Good points, Dave. Amusingly enough, I know someone who takes the standpoint you find so preposterous against Reiner Knizia's games. I won't embarrass him by mentioning his name here, but he is a member of our group and is in fact a professional game designer. When I introduced Traumfabrik to SC at the Fourth of July gathering in 2002, I invited him to play and he replied, "All Reiner Knizia games are the same. If you've played one, you've played them all." I could only shake my head. From a game designer yet!


I will try to comment on Cheapass Games in general, and perhaps incidentally address some of the above comments. By way of being Dave H's partner, I have had a lot contact with Cheapass Games and James Ernest, including participating in game testing and design sessions, discussing James's and Dave's thoughts and beliefs about game design. I have played a number of Cheapass Games. And I've listened to other people's doubts.

I think one of the most critical factors I'm clear about is that Chepass Games are definitely NOT all the same. There are tile laying games, bidding games, high luck/gambling games, strategic games, and even perfectly silly kid games. Some Cheapass Games I really like, some I don't. So I think anyone casting a general net over this set of games is being perfectly silly.

Another fact is that during game design, James Ernest and his game design/testing minions consider all the factors Dave H talked about above and many more. They frequently try out multiple strategies and tactics to see how they work. They consider how the games might be altered to accommodate or not accommodate various strategies and tactics. Sometimes the games do not, cannot, or they just don't plain want to make it so every possible player, strategy & tactic will work, sometimes theytry hard to do this. To me this makes a lot of sense and I can't honestly believe it is possible to make a game that would actually accommodate "every potential player" and tactic/strategy. I have played a lot of Knizia's games and they certainly do not accommodate every possible tactic--otherwise I wouldn't have lost MISERABLY playing certain strategies or tactics.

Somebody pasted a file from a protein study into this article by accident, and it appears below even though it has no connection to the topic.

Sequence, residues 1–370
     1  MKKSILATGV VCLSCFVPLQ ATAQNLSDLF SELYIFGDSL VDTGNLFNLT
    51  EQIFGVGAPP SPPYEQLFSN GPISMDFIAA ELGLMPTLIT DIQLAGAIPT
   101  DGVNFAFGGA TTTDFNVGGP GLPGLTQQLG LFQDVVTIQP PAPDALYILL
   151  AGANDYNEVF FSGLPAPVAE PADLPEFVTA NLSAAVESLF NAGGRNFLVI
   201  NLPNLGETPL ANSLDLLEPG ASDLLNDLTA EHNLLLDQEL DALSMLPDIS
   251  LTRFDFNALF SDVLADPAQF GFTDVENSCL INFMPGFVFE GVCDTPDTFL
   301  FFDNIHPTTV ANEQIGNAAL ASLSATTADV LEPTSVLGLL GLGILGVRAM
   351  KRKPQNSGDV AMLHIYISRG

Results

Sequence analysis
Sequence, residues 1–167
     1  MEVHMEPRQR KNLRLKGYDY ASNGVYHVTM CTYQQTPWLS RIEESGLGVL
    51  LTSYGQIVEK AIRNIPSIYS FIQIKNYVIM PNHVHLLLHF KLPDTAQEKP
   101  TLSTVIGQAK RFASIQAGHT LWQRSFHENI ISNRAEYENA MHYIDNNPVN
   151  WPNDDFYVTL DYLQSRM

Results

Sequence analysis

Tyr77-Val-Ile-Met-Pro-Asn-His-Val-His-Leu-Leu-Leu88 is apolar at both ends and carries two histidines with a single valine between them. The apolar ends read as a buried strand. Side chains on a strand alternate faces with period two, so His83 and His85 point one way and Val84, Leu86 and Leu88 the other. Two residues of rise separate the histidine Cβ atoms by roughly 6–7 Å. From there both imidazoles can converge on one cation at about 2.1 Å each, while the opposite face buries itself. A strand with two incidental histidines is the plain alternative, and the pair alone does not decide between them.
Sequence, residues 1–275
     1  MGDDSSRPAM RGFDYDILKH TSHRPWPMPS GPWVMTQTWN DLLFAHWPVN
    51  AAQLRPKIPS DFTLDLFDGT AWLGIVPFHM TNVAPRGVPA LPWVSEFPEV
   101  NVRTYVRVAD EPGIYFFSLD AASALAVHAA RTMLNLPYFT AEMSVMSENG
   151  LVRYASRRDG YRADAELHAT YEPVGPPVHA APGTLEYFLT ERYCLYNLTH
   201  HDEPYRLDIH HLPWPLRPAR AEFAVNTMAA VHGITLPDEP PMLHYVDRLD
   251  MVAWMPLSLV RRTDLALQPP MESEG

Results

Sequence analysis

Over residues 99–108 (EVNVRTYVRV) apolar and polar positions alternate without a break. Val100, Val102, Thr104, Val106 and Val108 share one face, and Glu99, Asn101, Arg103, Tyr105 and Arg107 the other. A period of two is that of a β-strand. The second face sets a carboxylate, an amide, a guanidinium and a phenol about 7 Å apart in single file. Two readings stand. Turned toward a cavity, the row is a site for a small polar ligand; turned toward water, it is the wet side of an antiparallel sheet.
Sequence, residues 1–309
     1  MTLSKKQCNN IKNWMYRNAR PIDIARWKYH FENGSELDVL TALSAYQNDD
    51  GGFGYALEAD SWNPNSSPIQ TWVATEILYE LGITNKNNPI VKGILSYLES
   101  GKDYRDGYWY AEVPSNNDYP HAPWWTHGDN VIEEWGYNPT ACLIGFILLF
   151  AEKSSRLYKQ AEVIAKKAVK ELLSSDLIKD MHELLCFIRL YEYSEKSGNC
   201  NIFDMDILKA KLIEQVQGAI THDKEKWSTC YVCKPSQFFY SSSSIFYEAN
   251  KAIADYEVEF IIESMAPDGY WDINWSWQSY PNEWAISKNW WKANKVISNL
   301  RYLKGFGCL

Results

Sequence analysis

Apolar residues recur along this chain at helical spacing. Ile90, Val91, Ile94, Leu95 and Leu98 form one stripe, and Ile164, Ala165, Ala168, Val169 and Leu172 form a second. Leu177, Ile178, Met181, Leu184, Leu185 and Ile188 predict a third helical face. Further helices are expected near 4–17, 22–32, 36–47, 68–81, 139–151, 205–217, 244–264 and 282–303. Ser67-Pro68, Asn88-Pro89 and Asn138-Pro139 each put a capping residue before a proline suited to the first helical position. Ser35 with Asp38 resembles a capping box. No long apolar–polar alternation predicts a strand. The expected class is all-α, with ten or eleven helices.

Witch Trial is probably my favorite Cheapass game, but only when it is played in the spirit I think it is intended--that of a role playing game. If the people don't ham it up and really get into the whole witch trial hilarity, the game is kind of dull (I have played it both ways). There is an element of luck in the cards drawn, and rarely in the dice rolls to decide trial outcomes, but most often I've seen the jury get so weighted one way or the other dice rolls are surprisingly unimportant. There is a lot of strategy in deciding which cases to present, which ones to prosecute, and which cards to buy. It is not super involved but there is complexity--not overwhelmingly so.

The worst Cheapass game I've played by far is Bitin' Off Hedz. This is dinosaur chutes & ladders for the most part. This would be a great game for younger kids. There is a little tactical play in trying to cut leaders off, but it is slim. I would only ever play this again with little kids. But little kids need games too--not every game can be rated in the context of adult play.

For those who like very tactical and strategic games, check out the Hip Pocket Games like Steam Tunnel and Clever Pipe Game and Nexus and Agora. These are very clever, highly replayable tile laying games. They don't last forever, but with a super careful player like John Braley could take a long time and be comparable to chess (or more like go given the limited number of pieces) in their play (that will probably make chess-hating Dave H cringe but that's how I see it).